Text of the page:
When barking becomes excessive, this is when problems arise and everyone’s nerves are frayed.

    First, you must determine what your shepherd is barking about. If it’s almost everything then an obedience class, a bark collar, or some behavioral therapy may do the trick if reprimanding doesn’t work.

    To check your shepherds’ health status or their DNA checks, please visit the Embark vet website for all the help you may need.

    Rebelliousness and Disobedience

    The German shepherd is a very confident and sometimes independent breed. They can become quite rebellious, disobedient, and stubborn if not trained properly.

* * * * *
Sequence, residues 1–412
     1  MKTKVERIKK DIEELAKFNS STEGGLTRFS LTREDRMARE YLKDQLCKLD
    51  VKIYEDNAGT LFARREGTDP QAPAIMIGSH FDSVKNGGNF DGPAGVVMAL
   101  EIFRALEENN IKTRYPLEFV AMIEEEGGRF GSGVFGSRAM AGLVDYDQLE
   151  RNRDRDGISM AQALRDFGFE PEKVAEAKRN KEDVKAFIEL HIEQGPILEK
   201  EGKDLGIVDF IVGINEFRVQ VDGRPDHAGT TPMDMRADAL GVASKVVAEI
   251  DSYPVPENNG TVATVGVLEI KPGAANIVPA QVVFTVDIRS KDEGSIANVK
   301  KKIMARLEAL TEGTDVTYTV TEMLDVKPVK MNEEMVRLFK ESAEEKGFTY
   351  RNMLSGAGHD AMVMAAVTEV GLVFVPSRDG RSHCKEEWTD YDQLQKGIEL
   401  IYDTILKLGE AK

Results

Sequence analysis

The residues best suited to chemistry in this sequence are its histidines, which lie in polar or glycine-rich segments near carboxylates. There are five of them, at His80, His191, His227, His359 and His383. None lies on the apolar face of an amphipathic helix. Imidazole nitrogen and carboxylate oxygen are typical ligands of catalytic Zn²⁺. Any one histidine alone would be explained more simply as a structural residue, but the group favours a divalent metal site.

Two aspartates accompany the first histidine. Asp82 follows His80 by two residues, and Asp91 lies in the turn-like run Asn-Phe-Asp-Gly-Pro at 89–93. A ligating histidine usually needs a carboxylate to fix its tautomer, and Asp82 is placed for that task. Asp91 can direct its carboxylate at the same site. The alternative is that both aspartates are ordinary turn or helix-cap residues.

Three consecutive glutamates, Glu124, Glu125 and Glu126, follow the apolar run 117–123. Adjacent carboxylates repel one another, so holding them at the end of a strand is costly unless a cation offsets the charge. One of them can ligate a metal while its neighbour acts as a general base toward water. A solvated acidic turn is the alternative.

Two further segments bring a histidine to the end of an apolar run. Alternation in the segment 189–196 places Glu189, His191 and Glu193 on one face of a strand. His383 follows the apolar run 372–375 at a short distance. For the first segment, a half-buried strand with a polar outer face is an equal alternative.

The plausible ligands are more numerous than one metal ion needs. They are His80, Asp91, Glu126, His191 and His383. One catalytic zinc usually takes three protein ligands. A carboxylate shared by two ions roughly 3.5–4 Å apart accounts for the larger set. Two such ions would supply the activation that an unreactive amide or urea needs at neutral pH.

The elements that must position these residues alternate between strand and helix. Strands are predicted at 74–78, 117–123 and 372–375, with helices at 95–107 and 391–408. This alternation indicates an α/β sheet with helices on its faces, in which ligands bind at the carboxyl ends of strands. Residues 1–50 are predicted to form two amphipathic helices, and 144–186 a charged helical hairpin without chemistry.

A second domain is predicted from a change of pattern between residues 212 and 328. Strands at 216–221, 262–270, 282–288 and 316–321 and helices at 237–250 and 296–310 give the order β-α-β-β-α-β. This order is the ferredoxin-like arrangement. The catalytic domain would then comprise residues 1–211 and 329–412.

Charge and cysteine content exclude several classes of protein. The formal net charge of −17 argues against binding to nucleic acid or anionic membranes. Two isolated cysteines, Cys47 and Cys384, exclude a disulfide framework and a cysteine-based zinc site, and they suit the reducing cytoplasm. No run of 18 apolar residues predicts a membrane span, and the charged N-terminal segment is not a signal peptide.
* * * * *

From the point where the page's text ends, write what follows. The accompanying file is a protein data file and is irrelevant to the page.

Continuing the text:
You have to set the tone that every pack has a leader and you are it! They are a pack member, never a leader. Once they are a strong and muscular adult, it will be pretty hard to drive that point home if it isn’t established early on.


    Chewing usually begins as a consequence of teething pain in puppies. Chewing is actually a natural action for dogs and helps to alleviate
    gum pain in teething.

    It is when chewing spills over and includes your furniture, expensive or favorite shoes, and just about anything laying around, that this becomes a big problem and bad behavior.

    When your German shepherd is a puppy don’t allow them to have the whole house to explore unsupervised. Remove anything valuable or sentimental until they are older and fully trained.